Why keep food cold? Harmful bacteria multiply rapidly in the “danger zone” – the temperature between 40° and 140°F. So, perishable food transported without an ice source won’t stay safe long. Here are safe handling recommendations to prevent foodborne illness from “bag” lunches.
Perishable food, such as raw or cooked meat and poultry, must be kept cold or frozen at the store and at home. Eggs should be purchased cold at the store and kept cold at home. In between, transport perishable food as fast as possible when no ice source is available. At the destination, it must be kept cold. Food should not be left out at room temperature more than 2 hours (1 hours if the temperature is above 90°F)
Prepackaged combos that contain luncheon meats along with crackers, cheese and condiments must also be kept refrigerated. This includes meats and smoked ham which are cured or contain preservatives.
Wash your hands before you prepare or eat food. Wash cutting boards, dishes, utensils, and countertops with hot, soapy water after preparing each food item and before you go on to the next item. A solution of 1 teaspoon of bleach in 1 quart of water maybe used to sanitize surfaces and utensils. Keep family pets away from kitchen counters.
Harmful bacteria can spread throughout the kitchen and get onto cutting boards, utensils, and countertops. Always use a clean cutting board. When using a cutting board for food that will not be cooked, such as bread, lettuce and tomatoes, be sure to wash the board after using it to cut raw meat and poultry. Use on cutting board for fresh produce and a separate one for meat and poultry.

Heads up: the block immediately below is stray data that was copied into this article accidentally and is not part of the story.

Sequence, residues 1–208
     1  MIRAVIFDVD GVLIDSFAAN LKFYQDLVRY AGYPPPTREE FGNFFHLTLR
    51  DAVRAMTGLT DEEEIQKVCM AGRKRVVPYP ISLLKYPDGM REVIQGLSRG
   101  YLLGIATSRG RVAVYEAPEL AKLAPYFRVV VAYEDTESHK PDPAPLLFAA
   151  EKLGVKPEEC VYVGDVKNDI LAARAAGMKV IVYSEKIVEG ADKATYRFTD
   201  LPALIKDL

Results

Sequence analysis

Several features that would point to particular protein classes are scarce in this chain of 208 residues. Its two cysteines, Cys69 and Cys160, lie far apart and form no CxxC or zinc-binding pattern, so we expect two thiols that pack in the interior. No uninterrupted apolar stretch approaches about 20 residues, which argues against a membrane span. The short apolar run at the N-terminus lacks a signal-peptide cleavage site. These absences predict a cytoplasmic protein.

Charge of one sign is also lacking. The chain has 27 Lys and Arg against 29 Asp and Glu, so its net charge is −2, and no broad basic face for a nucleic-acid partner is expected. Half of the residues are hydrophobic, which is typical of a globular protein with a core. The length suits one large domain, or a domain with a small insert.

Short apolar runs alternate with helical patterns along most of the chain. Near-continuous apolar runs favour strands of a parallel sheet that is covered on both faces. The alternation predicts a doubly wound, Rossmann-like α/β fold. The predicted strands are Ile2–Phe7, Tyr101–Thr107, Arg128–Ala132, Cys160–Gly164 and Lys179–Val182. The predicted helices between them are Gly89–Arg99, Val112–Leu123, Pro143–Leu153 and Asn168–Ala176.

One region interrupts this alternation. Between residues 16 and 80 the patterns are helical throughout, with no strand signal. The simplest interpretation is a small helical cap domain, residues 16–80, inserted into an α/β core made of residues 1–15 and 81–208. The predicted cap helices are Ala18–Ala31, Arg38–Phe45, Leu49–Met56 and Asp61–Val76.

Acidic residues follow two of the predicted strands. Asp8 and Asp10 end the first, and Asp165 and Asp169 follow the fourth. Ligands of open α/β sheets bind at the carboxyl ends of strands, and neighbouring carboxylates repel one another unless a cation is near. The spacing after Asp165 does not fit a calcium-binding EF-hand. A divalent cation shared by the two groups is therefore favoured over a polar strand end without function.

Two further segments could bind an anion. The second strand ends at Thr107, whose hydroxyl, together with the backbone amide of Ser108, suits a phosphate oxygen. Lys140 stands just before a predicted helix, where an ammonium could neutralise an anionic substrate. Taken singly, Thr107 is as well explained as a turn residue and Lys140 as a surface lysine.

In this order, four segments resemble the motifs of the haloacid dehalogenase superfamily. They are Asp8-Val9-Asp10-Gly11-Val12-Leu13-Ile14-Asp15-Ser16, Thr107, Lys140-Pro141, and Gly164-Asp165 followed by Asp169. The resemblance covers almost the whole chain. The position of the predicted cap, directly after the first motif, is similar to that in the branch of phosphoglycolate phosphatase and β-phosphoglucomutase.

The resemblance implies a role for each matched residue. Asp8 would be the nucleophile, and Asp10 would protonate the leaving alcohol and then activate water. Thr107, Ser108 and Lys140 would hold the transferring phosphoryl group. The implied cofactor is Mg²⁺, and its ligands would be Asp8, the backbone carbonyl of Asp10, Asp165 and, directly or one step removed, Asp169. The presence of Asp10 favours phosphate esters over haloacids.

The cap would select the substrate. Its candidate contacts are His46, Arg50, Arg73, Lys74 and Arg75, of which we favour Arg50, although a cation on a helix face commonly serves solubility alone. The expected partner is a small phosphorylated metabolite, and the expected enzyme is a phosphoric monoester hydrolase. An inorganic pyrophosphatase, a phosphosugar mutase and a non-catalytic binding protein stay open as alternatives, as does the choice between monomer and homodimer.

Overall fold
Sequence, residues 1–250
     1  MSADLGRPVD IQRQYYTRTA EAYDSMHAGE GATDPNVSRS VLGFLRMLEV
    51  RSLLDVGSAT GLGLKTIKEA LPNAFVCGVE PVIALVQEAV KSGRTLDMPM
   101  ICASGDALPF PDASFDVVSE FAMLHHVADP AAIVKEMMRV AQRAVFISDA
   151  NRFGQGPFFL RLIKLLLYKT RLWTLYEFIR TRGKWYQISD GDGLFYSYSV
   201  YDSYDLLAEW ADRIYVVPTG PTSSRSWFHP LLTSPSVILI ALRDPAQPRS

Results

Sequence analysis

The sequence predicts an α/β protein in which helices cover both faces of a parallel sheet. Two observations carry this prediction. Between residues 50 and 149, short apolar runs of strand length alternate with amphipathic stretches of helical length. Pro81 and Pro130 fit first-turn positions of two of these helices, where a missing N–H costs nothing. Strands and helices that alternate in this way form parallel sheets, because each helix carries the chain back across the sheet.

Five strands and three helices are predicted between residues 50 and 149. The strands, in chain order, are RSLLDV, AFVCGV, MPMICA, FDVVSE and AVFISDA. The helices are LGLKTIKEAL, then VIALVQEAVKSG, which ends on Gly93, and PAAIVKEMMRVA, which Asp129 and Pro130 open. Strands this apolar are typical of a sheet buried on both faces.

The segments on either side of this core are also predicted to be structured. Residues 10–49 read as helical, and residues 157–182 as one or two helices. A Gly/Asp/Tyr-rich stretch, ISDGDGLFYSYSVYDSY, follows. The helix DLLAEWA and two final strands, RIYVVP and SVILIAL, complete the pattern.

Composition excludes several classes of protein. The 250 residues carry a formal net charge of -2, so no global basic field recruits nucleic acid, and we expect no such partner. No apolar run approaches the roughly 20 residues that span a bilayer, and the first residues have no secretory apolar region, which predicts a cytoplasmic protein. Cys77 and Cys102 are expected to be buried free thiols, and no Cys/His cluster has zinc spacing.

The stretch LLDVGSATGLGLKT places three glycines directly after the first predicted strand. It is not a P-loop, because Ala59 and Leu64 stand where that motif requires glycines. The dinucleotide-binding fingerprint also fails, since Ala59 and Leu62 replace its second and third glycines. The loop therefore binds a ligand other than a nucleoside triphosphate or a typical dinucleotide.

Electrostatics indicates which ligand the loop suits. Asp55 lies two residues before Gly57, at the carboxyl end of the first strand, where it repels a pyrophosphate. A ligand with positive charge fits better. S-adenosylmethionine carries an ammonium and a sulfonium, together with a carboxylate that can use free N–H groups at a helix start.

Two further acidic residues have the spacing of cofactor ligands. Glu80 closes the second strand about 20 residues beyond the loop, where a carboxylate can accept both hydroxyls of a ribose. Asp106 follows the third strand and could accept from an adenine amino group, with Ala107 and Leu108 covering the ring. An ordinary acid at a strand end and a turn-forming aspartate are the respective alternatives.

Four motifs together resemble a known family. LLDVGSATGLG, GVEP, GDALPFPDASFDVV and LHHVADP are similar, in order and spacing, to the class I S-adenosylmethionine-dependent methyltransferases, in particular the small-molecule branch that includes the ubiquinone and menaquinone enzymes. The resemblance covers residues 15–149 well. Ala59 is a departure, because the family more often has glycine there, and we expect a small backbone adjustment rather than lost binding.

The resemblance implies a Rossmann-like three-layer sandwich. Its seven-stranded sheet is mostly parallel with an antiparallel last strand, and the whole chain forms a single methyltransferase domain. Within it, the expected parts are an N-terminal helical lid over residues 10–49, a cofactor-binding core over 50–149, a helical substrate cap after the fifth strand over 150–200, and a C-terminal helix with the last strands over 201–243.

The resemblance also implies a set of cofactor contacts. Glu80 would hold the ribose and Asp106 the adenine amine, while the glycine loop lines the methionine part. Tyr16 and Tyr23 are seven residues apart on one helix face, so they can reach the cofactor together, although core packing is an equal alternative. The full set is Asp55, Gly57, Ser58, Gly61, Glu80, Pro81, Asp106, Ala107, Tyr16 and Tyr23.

At lunchtime, discard all used food packaging and paper bags. Do not reuse packaging because it could contain other food and cause foodborne illness.
Pack just the amount of perishable food that can be eaten at lunch. That way, there won’t be a problem about the storage or safety of leftovers.
It’s fine to prepare the food the night before and store the packed lunch in the refrigerator. Freezing sandwiches helps them stay cold. However, for best quality, don’t freeze sandwiches containing mayonnaise, lettuce or tomatoes. Add these later.
Insulated, soft-sided lunch boxed or bags are best for keeping food cold, but metal or plastic lunch boxed and paper bags can also be used. If using paper lunch bags, create layers by double bagging to help insulate the food. An ice source should be packed with perishable food in any type of lunch bag or box.
Prepare cooked food, such as turkey, ham, chicken and vegetable or pasta salads, ahead of time to allow for thorough chilling in the refrigerator. Divide large amounts of food into shallow containers for fast chilling and easier use. Keep cooked food refrigerated until time to leave home.
To keep lunches cold away from home, include a small frozen gel pack or frozen juice box. Of course, if there’s a refrigerator available, store perishable items there upon arrival.
Some food is safe without a cold source. Items that don’t require refrigeration include fruits, vegetables, hard cheese, canned meat and fish, chips, breads, crackers, peanut jelly, mustard and pickles.
Use an insulated container to keep food like soup, chilli and stew hot. Fill the container with boiling water, let stand for a few minutes, empty, and then put in the piping hot food. Keep the insulated container closed until lunchtime to keep the food hot - 140°F or above.
Your package should be clearly labelled "Perishable - Keep Refrigerated". As in "Tips for the Purchaser" above, arrange a delivery date with the recipient. Ship your package by overnight delivery.